Dr. Anthony Fauci, the prominent figure in the U.S. response to the coronavirus pandemic, is set to undergo extensive questioning regarding the virus’s origins and strategies for handling future widespread outbreaks. He will engage in back-to-back prolonged discussions with lawmakers, participating in a closed-door interview with the House select committee on COVID-19 on Monday and Tuesday, with each session anticipated to extend for at least seven hours.
Committee Chair Brad Wenstrup, R-Ohio, characterized the sessions as an “after-action review” focused on lessons learned, evaluating decisions made, acknowledging the challenges posed by COVID’s unknown nature and the learning process in understanding its impact on individuals.
“Dr. Fauci clearly was the scientific face of COVID during the pandemic and spokesperson under both administrations. … He might stay here in Washington, but we’re going home to our constituents, who want answers to a lot of things.”
Wenstrup, with a background spanning over three decades as a physician, expressed his eagerness to gather insights during these sessions that could contribute to his committee’s eventual bipartisan recommendations for managing future pandemics. Additionally, he articulated his intention to seek answers regarding political decisions made during the pandemic, particularly focusing on vaccine mandates, a topic he described as “egregious.”
“It’s like a politician saying, ‘You must get this vaccine or you’re fired from your job.’ And, you know, where’s the doctor? People want to have a conversation with their doctor. ‘Am I at risk? Why am I at risk? Why should I get the vaccine? What are the side effects of the vaccine?’” he explained.
The Ohio Republican further indicated his intent to inquire with Fauci about the controversy surrounding the origins of COVID-19, probing into the debate over whether it originated naturally or was developed in a Wuhan, China lab. Wenstrup posed questions such as, “Why were those who held a different perspective, suggesting it originated from a lab, dismissed?”; highlighting instances where individuals expressing such views were labeled as “crackpots” and “conspiracy theorists.”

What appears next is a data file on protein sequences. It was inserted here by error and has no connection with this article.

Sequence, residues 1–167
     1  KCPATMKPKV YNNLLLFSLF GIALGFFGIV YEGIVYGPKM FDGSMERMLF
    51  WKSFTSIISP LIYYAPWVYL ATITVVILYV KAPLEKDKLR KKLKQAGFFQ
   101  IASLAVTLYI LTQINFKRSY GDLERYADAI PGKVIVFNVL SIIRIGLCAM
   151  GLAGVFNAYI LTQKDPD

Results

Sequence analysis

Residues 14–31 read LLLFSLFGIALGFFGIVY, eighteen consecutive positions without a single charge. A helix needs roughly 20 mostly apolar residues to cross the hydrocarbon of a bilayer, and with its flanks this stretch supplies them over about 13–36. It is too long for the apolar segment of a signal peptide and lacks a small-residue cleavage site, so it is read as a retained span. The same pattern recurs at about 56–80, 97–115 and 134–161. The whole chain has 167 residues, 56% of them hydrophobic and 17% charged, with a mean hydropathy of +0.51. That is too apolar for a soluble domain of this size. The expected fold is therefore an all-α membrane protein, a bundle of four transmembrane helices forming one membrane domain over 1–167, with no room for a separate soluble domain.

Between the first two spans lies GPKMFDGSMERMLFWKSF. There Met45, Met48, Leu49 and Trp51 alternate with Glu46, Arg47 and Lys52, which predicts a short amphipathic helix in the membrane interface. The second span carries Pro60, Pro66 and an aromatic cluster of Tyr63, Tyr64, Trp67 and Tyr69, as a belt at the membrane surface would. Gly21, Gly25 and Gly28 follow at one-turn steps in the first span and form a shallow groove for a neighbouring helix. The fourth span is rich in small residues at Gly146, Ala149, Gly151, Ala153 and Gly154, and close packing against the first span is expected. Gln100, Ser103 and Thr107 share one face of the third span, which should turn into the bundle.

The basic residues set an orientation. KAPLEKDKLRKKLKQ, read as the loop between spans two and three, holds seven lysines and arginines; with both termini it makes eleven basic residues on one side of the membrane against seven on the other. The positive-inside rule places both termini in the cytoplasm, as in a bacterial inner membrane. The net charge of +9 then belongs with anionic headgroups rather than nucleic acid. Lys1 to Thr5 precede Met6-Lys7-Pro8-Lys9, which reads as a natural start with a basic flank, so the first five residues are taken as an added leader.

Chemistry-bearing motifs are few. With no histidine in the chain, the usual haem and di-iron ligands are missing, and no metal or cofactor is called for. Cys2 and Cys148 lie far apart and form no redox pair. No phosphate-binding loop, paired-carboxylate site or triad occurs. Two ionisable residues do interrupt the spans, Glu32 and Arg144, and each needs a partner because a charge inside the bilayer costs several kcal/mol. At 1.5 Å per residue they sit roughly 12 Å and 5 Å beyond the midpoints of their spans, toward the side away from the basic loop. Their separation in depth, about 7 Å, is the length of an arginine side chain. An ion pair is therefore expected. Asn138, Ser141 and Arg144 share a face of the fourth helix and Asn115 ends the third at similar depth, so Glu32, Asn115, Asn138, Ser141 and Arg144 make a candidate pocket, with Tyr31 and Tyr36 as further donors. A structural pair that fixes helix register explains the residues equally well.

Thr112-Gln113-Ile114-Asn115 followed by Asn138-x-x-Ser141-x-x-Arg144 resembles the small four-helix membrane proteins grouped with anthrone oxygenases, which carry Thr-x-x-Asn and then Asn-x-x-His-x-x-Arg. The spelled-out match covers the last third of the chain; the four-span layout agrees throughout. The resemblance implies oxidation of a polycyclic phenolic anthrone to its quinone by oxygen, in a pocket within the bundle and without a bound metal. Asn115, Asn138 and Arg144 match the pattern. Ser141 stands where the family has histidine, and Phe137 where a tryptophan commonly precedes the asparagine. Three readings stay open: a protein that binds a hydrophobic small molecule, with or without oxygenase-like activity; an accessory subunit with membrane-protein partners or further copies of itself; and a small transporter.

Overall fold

“We have people saying, ‘Forget about the origins, it doesn’t matter. Let’s just move on.’ … You’ve got to be prepared. Just as you want to see if something may emerge from nature, which is a lot of the work that they were doing with gain of function. … I can understand that. But, at the same time, you know, the technology is there to create a virus, and where are they doing it? In Wuhan. So why are we ignoring that?”
Wenstrup’s committee has undertaken an inquiry into whether government officials, including Fauci, may have sought to suppress inquiries regarding the potential lab leak origin of the pandemic in Wuhan. Republicans allege that officials, including Fauci, favored the natural origin theory to shield China from scrutiny.
Throughout the pandemic, Fauci emerged as a divisive figure, facing criticism from those opposed to lockdowns, mask mandates, and vaccine requirements, while earning praise from those who supported the government’s actions.
On the Senate side, Sen. Rand Paul, a Kentucky Republican, has been a vocal critic of Fauci, accusing him of dishonesty about the origins of COVID. Paul recently drew attention to a February 2020 email from Fauci, revealing discussions with scientists expressing concerns about the virus possibly being created in a lab. Fauci, however, publicly maintained that the virus couldn’t have originated in the Chinese lab where U.S.-funded experiments occurred.
Wenstrup characterized the upcoming interview as more of a “roundtable,” with lawmakers from both sides posing questions. He expressed optimism that the committee’s final recommendations could be a bipartisan effort, emphasizing the goal of identifying effective strategies and areas for improvement in handling future pandemics. “At the end of the day, we want to just reveal what worked and what didn’t work and what we might do better in the future,” Wenstrup stated, drawing on his military background and emphasizing the importance of learning from the experience.